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Talking to Your Children About Divorce

One of the most painful and important events in the divorce process is telling the children about your plans to end the marriage. In this act, the marital problem moves beyond the marriage, affecting loved ones and tearing the fabric of the family. Telling the children marks an ending of the “old” family and the beginning of “new” family relationships.

Here are some suggestions:

  1. Don’t jump the gun.

    The “divorce announcement” is a bomb that should not be set off until the divorce decision is certain. Before the decision is finalized, you can say, “Your dad and I are having problems which we are working on.” If the children ask if you are getting a divorce, a truthful reply would be “I don’t know.” Or if the question is “why,” a general answer is, “We are having a hard time dealing with each other.” This keeps an appropriate boundary around the marital problem and keeps your children from getting in the middle of things.

  2. Tell the children together.

    This will be the final activity of the family you and your children have known. It makes sense to gather together as you would for any solemn occasion. Consider keeping this an “announcement,” not a time for explanations or for blame. You can give “facts” about what will happen from this point on: “I will be moving next Saturday.” Some reassurance may be helpful: “We both love you” and “We will work together as best we can to help you through this.” Consider making “we-statements” or “factual statements,” not “I-statements,” which can be self-serving, or “he/she statements,” which can be blaming.

  3. Say it briefly.

    Let your children feel their feelings. Go with whatever response they offer, even if it is a minimal or puzzling reaction. This marks the beginning of their “grieving” and we all grieve in different ways and in different timeframes. One of the challenges of divorce is dealing with the fact that the emotional processing of various family members can get out of sync. When you yourself are dealing with strong feelings, it is may be difficult to connect with a family member who is grieving differently.

  4. Remember to adjourn the family meeting.

    Don’t let it go on and on hoping to make everything OK. Tolerate ending without emotional resolution — resolution will take a much longer time. Ending the family meeting mirrors the larger ending the family is experiencing, an ending that leaves much to be resolved.

  5. Later in the day, each parent can “check in” with each child.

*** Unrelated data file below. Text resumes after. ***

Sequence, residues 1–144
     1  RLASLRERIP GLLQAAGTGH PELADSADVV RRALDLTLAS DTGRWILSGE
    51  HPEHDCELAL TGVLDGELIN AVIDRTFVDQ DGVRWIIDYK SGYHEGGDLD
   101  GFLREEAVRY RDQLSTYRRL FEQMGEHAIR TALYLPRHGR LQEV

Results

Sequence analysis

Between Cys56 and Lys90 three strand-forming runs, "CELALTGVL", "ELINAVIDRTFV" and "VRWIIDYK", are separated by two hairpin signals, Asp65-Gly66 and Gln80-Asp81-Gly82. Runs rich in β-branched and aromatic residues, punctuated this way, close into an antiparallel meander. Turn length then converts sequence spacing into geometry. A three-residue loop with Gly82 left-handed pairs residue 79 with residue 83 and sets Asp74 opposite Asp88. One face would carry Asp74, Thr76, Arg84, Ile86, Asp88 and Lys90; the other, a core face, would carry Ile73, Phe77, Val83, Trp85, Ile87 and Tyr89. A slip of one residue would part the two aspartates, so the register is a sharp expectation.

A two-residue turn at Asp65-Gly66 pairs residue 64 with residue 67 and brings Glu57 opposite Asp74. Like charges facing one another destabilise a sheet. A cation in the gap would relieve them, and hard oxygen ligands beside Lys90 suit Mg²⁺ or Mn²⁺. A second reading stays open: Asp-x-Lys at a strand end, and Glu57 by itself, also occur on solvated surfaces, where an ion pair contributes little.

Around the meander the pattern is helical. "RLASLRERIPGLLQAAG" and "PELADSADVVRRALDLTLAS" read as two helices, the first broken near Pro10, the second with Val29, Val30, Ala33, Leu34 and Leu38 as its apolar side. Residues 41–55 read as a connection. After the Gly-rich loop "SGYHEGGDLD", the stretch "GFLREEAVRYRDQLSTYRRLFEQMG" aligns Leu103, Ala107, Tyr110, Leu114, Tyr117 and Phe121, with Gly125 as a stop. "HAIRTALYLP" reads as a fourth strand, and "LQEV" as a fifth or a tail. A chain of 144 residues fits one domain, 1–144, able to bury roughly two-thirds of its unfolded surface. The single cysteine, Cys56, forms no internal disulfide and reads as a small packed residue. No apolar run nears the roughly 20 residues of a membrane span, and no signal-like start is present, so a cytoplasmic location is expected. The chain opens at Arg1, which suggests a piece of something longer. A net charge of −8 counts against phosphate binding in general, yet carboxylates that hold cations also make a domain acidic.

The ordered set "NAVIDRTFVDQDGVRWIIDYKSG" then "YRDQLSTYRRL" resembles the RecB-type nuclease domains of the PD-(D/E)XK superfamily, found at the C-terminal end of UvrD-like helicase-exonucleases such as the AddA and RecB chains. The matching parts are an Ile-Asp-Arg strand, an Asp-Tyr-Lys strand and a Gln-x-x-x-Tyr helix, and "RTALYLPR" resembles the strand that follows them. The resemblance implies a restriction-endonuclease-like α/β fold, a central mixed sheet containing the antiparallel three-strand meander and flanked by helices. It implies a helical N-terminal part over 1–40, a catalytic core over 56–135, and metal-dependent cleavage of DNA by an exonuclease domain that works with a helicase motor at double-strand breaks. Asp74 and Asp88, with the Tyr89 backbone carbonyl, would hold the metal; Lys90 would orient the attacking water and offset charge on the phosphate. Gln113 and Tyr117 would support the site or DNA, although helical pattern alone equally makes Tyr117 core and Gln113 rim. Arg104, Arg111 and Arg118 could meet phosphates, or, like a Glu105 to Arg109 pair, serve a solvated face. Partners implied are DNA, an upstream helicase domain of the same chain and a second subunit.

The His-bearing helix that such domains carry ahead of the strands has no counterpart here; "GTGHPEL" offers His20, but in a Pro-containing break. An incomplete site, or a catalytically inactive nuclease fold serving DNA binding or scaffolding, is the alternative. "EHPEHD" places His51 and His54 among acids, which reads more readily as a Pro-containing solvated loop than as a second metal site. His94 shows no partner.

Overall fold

You could consider this to be the beginning of the new parent-child relationship, your post-divorce relationship with your child. This may feel awkward at first. The established routines of family life may no longer quite “fit.” You may realize that you and your child will need to find your own way of talking to each other in a meaningful way. This will probably involve a new mix of listening and appreciating, being patient and assertive, giving space and reconnecting.

  6. Focus on the one-to-one relationship with your child.

    The foundation of your post-divorce relationship with your child is going to be a one-to-one relationship. Instead of “your mother and me” or “you and your mother” or “you and your brother,” the primary relationship will be “you and me.”

You could begin to put this into practice by switching from the “we” statements of the family meeting to “I” and “you” statements as you check in with your child. Gradually, a new “we” will emerge from this “I” and “you.” You can begin to show that “one-to-one” means that:

  • We will take the initiative to keep the relationship going, as demonstrated by this “checking in” with one another;
  • We won’t use someone else to resolve our differences or facilitate our communication; and
  • We can be emotionally upset with each other and see it through successfully.
Talking to Your Children About Divorce

Robert Stone

APA Reference
Stone, R. (2020). Talking to Your Children About Divorce. Psych Central. Retrieved on December 5, 2020, from
Scientifically Reviewed
Last updated: 14 Jan 2020 (Originally: 17 May 2016)
Last reviewed: By a member of our scientific advisory board on 14 Jan 2020
Published on Psych All rights reserved.